Blog posts tagged with: Technology

Posted Jan 20, 2021
By
Mark Williams
Installation Shot: James Charlton, THROWN (2020). Courtesy of Te Uru. Photo by Sam Hartnett

As we welcome James Charlton to CIRCUIT, we present this catalogue essay by Mark Williams on Charlton's 2020 installation THROWN. Originally commissioned by Te Uru, the essay explores the resonance of Charlton's recent work in a time of environmental breakdown and artificial intellingence. The essay also discusses the artists' earlier work in video, performance and sculpture, drawing connections with the New Zealand post-object movement of the 1970s, through to contemporaries including Yona Lee.

Posted Jan 20, 2021
By
Mark Williams
Installation Shot: James Charlton, THROWN (2020). Courtesy of Te Uru. Photo by Sam Hartnett

As we welcome James Charlton to CIRCUIT, we present this catalogue essay by Mark Williams on Charlton's 2020 installation THROWN. Originally commissioned by Te Uru, the essay explores the resonance of Charlton's recent work in a time of environmental breakdown and artificial intellingence. The essay also discusses the artists' earlier work in video, performance and sculpture, drawing connections with the New Zealand post-object movement of the 1970s, through to contemporaries including Yona Lee.

Posted Jan 20, 2021
By
Mark Williams
Installation Shot: James Charlton, THROWN (2020). Courtesy of Te Uru. Photo by Sam Hartnett

As we welcome James Charlton to CIRCUIT, we present this catalogue essay by Mark Williams on Charlton's 2020 installation THROWN. Originally commissioned by Te Uru, the essay explores the resonance of Charlton's recent work in a time of environmental breakdown and artificial intellingence. The essay also discusses the artists' earlier work in video, performance and sculpture, drawing connections with the New Zealand post-object movement of the 1970s, through to contemporaries including Yona Lee.

Posted Jan 20, 2021
By
Mark Williams
Installation Shot: James Charlton, THROWN (2020). Courtesy of Te Uru. Photo by Sam Hartnett

As we welcome James Charlton to CIRCUIT, we present this catalogue essay by Mark Williams on Charlton's 2020 installation THROWN. Originally commissioned by Te Uru, the essay explores the resonance of Charlton's recent work in a time of environmental breakdown and artificial intellingence. The essay also discusses the artists' earlier work in video, performance and sculpture, drawing connections with the New Zealand post-object movement of the 1970s, through to contemporaries including Yona Lee.

Posted Jul 28, 2020
By
Mark Williams
Sean Grattan, HADHAD (2012) CIRCUIT

Recently we invited film maker Sean Grattan and academic Manuel Shvartzberg Carrió to revisit Sean's 2012 film HADHAD, whose depiction of an unwelcome visitor now seems oddly prescient of a world dealing with Covid 19 and authoritarian politics. Ostensibly a horror movie, HADHAD depicts a group of American suburbanites whose lives are upended by a mysterious visitor. Neither human nor animal, the HADHAD crouches silently, offering no clues to its’ purpose or origin.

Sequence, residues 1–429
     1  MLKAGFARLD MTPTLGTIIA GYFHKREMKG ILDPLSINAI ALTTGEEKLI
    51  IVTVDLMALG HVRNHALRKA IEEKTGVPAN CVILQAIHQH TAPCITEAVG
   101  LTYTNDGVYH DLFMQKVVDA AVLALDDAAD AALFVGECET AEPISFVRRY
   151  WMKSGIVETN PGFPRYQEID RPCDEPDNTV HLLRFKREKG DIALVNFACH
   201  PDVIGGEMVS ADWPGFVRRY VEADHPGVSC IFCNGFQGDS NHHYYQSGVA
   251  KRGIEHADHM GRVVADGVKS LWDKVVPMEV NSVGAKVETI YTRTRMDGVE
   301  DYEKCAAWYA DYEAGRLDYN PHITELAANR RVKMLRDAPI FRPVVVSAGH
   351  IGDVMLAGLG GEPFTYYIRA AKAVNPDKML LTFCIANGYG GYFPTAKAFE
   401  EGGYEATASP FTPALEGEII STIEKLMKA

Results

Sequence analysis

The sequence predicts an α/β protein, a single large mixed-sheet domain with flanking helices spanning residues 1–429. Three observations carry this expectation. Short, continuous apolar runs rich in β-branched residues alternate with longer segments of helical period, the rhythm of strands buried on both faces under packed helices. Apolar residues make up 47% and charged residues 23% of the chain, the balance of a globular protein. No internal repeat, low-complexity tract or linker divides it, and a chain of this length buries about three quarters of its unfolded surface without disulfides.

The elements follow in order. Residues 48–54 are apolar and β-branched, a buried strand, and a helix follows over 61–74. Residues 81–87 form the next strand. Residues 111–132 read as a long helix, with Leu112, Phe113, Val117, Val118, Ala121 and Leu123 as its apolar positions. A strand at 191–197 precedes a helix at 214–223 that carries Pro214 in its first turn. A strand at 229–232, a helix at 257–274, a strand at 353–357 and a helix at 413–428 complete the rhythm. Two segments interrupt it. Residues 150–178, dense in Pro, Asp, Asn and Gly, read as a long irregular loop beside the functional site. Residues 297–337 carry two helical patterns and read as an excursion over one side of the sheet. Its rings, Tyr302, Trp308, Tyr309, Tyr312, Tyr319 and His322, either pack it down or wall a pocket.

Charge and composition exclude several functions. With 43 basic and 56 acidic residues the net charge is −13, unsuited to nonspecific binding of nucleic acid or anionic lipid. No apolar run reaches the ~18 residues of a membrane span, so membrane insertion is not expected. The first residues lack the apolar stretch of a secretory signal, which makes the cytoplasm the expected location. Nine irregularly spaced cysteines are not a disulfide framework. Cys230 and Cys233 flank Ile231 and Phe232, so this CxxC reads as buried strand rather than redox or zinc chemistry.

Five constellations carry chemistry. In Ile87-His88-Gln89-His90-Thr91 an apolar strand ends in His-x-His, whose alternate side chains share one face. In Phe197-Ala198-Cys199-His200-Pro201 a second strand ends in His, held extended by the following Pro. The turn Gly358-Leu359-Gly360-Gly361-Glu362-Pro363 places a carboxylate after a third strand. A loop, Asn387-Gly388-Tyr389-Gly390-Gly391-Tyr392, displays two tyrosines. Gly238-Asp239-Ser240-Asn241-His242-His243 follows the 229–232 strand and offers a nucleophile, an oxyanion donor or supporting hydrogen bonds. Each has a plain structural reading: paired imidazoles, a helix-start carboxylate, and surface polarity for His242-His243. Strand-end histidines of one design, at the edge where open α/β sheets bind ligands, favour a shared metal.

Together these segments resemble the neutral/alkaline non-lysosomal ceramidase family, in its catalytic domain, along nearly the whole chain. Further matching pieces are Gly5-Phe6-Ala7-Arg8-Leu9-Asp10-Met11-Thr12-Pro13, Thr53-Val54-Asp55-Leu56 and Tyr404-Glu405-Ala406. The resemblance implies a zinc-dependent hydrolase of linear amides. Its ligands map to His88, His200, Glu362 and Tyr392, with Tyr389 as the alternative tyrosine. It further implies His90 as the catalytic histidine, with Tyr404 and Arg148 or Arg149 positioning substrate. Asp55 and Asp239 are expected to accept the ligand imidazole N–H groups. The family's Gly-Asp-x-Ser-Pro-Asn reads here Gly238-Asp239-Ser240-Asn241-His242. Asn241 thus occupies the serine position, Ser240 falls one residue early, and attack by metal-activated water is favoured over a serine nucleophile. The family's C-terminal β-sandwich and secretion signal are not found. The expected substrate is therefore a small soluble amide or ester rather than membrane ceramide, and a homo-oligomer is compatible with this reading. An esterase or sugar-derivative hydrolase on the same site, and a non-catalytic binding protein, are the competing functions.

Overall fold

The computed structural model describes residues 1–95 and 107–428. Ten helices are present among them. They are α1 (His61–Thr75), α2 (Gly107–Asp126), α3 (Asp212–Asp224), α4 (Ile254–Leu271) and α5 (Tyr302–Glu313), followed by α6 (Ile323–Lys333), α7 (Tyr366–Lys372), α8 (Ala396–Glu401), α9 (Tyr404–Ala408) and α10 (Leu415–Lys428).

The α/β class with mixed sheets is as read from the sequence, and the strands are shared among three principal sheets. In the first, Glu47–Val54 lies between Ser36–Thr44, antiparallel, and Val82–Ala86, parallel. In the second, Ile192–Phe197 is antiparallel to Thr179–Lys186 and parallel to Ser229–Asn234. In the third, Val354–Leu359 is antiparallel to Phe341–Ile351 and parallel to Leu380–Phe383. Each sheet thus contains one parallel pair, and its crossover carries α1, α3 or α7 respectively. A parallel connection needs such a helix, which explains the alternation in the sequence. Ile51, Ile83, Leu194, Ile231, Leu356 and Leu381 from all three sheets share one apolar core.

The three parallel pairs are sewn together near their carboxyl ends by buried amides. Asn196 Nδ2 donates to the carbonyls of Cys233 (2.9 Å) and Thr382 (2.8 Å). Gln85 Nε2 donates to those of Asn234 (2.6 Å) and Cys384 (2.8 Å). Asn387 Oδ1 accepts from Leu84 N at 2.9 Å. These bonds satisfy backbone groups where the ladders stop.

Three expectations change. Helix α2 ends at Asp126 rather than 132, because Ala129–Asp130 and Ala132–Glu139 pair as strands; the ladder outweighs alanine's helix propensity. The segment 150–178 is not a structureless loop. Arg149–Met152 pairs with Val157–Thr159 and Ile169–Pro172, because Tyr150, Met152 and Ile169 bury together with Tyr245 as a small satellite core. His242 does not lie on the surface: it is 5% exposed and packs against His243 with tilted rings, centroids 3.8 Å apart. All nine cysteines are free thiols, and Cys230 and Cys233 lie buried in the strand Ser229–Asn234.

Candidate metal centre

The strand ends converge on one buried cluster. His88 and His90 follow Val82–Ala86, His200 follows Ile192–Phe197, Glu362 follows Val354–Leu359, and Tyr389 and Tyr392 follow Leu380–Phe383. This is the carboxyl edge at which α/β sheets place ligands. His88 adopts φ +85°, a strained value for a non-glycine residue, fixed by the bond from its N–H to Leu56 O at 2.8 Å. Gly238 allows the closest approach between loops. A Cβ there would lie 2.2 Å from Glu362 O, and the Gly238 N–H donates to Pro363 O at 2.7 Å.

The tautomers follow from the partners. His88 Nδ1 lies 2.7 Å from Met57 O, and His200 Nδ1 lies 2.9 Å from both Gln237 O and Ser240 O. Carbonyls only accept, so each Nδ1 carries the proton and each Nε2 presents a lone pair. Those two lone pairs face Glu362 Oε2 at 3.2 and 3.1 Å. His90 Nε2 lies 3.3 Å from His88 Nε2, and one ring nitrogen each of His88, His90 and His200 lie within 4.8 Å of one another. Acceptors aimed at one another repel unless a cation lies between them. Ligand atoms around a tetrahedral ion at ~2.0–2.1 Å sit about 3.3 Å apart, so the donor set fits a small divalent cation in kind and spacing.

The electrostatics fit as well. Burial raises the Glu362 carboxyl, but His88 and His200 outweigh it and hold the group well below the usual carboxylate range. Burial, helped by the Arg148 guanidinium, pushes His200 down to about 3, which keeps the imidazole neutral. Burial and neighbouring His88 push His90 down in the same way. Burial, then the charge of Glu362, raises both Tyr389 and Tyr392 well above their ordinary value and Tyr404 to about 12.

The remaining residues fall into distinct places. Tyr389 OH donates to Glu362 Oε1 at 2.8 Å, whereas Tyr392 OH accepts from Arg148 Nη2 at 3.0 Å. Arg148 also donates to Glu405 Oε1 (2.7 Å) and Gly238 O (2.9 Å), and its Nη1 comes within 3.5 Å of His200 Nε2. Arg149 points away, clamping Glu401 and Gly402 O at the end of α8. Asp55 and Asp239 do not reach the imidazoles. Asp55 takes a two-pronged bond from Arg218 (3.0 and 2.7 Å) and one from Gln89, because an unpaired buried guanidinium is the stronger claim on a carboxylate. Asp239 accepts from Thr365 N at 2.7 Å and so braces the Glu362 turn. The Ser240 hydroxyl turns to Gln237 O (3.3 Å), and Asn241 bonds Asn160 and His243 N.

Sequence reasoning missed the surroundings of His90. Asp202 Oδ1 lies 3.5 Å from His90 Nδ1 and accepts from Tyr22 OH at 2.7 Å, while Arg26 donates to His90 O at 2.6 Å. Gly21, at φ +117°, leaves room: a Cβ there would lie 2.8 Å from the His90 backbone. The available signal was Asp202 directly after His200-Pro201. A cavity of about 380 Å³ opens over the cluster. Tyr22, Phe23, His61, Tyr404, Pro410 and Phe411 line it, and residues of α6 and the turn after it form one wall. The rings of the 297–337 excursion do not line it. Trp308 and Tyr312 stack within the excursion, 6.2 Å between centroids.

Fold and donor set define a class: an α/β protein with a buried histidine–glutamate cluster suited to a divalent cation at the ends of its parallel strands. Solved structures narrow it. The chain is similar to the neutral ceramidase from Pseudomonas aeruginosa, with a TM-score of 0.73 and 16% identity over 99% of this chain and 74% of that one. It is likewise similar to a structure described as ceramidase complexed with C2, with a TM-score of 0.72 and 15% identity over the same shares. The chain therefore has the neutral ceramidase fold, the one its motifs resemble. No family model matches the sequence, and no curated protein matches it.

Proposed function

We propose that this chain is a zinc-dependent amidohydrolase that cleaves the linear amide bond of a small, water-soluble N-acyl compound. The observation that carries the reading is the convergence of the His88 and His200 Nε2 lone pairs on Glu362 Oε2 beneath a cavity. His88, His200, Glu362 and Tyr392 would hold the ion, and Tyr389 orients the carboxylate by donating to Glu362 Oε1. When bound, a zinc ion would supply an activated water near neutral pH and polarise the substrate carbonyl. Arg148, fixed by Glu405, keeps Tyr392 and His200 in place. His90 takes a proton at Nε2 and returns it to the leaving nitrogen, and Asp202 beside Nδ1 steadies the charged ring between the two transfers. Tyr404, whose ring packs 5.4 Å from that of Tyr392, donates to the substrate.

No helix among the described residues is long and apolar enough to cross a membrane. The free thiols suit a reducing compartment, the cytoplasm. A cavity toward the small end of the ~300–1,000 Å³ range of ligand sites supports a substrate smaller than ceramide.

Posted Jul 28, 2020
By
Mark Williams
Sean Grattan, HADHAD (2012) CIRCUIT

Recently we invited film maker Sean Grattan and academic Manuel Shvartzberg Carrió to revisit Sean's 2012 film HADHAD, whose depiction of an unwelcome visitor now seems oddly prescient of a world dealing with Covid 19 and authoritarian politics. Ostensibly a horror movie, HADHAD depicts a group of American suburbanites whose lives are upended by a mysterious visitor. Neither human nor animal, the HADHAD crouches silently, offering no clues to its’ purpose or origin.

Posted Jul 28, 2020
By
Mark Williams
Sean Grattan, HADHAD (2012) CIRCUIT

Recently we invited film maker Sean Grattan and academic Manuel Shvartzberg Carrió to revisit Sean's 2012 film HADHAD, whose depiction of an unwelcome visitor now seems oddly prescient of a world dealing with Covid 19 and authoritarian politics. Ostensibly a horror movie, HADHAD depicts a group of American suburbanites whose lives are upended by a mysterious visitor. Neither human nor animal, the HADHAD crouches silently, offering no clues to its’ purpose or origin.

Posted Feb 20, 2014
By
Andrew Clifford
Julian Dashper, Untitled (Interviews) 2001-02, still from a double DVD in an edition of three

Towards the end of the second disk of Julian Dashper’s Untitled Interviews 2001-2002, Dashper contemplates the potential for documentation in a digital age. Should he keep all the emails he has exchanged with other artists, curators or institutions – we have the technology so why not? But if you keep everything, it becomes impossible to understand what you thought was important. Do you keep everything or do you edit it?

Posted Feb 20, 2014
By
Andrew Clifford
Julian Dashper, Untitled (Interviews) 2001-02, still from a double DVD in an edition of three

Towards the end of the second disk of Julian Dashper’s Untitled Interviews 2001-2002, Dashper contemplates the potential for documentation in a digital age. Should he keep all the emails he has exchanged with other artists, curators or institutions – we have the technology so why not? But if you keep everything, it becomes impossible to understand what you thought was important. Do you keep everything or do you edit it?

Posted Feb 20, 2014
By
Andrew Clifford
Julian Dashper, Untitled (Interviews) 2001-02, still from a double DVD in an edition of three

Towards the end of the second disk of Julian Dashper’s Untitled Interviews 2001-2002, Dashper contemplates the potential for documentation in a digital age. Should he keep all the emails he has exchanged with other artists, curators or institutions – we have the technology so why not? But if you keep everything, it becomes impossible to understand what you thought was important. Do you keep everything or do you edit it?

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